Ypulse Essentials: 'True Life' Occupies Wall Street, Student Debt Rises (Again), Disney's Deal With YouTube

True Life: I'm Occupying Wall StreetMTV aired the latest episode of its ‘True Life’ documentary series over the weekend (focusing on the young people protesting in Zuccotti Park. The episode seems to have the same issues as the Occupy Wall Street movement itself: a lack of clear focus or purpose. The young subjects of the documentary are eager to affect social change, but have little plan in how to do so. Instead, they celebrate little victories, like not getting kicked out of the park on cleaning day. Recent data from Pew suggests Millennials don’t think political change is brought about by elections: only 17% are following election news closely, and a mere 13% are giving a lot of thought to candidates. Both figures are down substantially from 2007) (Slate) (Flavorwire) (WaPo)

- Maybe all those students at Occupy Wall Street (should get behind lowering student debt. Non-profit Institute for College Access and Success released new data showing the average college student graduates with $25,250 in student loan debt, up 5% since 2009. As student debt continues to grow, not necessarily in proportion with the value of a college education, some are beginning to speculate that higher education is the next bubble market) (The Street) (Yahoo!)

- Disney and YouTube have forged a $10 million deal (for a co-branded channel which will feature eight different Web series, starting with Swampy from the app “Where’s My Water.” This might seem like no big deal, but it points to weaknesses that both companies are attempting to correct. In the case of Disney, a weakness on the Web: its Disney Interactive arm has been losing millions each quarter. In the case of YouTube, it lacks credibility with parents who are wary of allowing their children to surf the open network where cute cartoons mix with less savory content. In other Disney news, it will be launching FamilyFun Kids, a bimonthly magazine for kids aged 6-12, encouraging them to keep their hands and minds busy with crafts, puzzles, imaginative games, and brain teasers) (Gizmodo) (Kidscreen)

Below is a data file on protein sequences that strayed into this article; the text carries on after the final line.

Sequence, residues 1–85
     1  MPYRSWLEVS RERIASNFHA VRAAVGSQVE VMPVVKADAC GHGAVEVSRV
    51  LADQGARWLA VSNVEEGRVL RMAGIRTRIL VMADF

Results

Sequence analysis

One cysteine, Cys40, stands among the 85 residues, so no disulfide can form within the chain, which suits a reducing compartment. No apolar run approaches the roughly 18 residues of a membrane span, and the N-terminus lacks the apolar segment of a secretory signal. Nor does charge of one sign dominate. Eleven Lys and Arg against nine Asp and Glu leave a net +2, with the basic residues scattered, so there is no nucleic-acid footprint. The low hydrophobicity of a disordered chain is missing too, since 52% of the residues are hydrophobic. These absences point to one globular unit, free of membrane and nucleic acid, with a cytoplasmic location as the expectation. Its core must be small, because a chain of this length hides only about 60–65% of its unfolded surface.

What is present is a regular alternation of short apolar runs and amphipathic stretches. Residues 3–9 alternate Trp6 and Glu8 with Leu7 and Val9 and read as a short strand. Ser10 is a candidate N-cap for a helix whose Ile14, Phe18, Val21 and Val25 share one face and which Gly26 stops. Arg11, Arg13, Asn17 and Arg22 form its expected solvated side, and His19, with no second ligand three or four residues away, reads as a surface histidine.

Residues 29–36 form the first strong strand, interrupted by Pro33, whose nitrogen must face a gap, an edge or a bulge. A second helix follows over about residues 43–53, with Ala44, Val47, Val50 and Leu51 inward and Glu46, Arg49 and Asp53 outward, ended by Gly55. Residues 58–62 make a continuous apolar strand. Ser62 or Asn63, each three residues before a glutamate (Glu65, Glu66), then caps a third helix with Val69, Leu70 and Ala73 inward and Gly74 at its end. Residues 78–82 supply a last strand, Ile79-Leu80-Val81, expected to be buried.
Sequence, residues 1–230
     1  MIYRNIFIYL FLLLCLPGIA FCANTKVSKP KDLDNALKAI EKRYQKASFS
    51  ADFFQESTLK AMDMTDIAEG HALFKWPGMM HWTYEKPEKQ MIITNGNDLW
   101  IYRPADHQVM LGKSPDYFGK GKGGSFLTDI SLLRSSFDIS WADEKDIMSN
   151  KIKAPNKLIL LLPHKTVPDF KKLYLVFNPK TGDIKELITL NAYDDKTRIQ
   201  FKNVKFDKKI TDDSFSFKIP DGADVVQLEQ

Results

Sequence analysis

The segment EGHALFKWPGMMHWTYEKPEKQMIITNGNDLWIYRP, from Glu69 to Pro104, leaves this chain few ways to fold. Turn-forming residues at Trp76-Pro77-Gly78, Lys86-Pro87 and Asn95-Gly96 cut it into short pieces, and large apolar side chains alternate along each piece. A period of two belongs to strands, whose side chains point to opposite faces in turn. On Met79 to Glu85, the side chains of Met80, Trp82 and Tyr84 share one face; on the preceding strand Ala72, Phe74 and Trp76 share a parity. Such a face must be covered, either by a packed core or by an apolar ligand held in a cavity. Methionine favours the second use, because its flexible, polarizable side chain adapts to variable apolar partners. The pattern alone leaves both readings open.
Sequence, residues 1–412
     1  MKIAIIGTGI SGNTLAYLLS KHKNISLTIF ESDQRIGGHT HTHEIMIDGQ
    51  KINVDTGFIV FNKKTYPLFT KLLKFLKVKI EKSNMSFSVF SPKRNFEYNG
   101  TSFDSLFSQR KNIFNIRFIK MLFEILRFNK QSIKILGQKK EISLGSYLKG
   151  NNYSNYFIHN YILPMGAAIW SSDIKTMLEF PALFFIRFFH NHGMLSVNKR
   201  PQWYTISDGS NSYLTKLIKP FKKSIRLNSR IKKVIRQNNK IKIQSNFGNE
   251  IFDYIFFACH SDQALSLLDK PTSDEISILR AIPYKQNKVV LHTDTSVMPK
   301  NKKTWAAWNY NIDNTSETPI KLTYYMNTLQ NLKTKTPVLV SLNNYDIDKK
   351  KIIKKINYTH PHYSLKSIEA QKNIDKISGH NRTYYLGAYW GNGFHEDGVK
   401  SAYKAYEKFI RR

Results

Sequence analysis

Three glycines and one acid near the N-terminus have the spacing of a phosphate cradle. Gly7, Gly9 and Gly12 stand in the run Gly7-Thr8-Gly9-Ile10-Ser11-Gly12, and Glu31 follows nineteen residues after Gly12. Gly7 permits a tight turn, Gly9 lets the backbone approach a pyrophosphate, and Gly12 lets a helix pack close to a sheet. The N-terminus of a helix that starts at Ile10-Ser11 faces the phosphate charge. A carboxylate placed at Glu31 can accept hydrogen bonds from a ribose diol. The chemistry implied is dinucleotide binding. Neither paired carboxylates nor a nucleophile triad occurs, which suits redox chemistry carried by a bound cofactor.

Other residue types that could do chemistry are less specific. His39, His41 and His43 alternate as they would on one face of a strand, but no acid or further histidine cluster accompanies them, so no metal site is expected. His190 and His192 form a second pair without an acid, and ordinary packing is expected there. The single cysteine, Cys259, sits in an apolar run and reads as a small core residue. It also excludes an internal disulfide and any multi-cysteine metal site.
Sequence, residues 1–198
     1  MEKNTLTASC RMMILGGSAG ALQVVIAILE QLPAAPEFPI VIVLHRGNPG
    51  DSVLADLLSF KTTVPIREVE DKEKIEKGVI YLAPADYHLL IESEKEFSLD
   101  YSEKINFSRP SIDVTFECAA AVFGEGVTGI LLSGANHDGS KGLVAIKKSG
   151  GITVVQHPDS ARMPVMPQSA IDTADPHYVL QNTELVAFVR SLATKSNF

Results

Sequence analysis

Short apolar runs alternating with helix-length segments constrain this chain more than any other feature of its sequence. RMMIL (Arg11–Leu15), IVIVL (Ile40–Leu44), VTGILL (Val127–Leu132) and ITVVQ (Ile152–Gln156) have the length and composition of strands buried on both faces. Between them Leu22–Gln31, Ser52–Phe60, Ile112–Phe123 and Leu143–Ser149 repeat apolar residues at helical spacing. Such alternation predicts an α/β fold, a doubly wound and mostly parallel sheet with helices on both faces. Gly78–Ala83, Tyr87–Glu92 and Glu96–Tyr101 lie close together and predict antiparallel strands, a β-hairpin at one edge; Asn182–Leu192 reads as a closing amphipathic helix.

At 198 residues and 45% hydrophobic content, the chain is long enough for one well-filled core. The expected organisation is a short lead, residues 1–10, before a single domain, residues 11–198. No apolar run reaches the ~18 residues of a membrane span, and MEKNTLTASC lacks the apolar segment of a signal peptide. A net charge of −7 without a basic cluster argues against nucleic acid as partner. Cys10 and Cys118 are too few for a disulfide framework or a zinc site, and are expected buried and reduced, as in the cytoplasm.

- The 7” Tablet War is officially on with Barnes & Noble’s Nook Tablet taking direct aim at Amazon’s Kindle Fire (offering similar functionality with a more powerful processor and more storage space. The Nook Tablet also carries a slightly higher price tag — $249 vs. $199 for the Fire. Amazon is poised to make a big dent in the mini-tablet market with its strong name recognition, and Barnes & Noble’s Nook doesn’t want to fall behind after becoming the second best selling tablet after the iPad) (Mashable)

- Google+ hasn’t given up the social media fight yet (launching its own version of brand pages, which Ad Age acknowledges aren’t much different from the brand pages Facebook debuted four years ago. But the difference which could make Google+‘s brand pages more successful is how visitors use the site and its integration with Google’s other services. Speaking of social media, YouTube may dominate in terms of online video viewers, with others trailing far behind, but Facebook has quietly amassed the fourth largest online video audience, topping even Hulu) (Clickz)

- Instagram is a favorite photo app of many (for making all your photos look like they were taken in 1977, and it’s about to add video sharing services to its offerings. So now all your videos can look like they’re home movies from the 70s, too!) (BusinessInsider via PSFK)

- If all that serious news above was a little too much for a Monday… (Here’s a mashup of the year in pop music. 2011 was apparently the year of “tonight,” which makes perfect sense as young pop fans want to live in the moment and forget about their uncertain futures) (Popdust)

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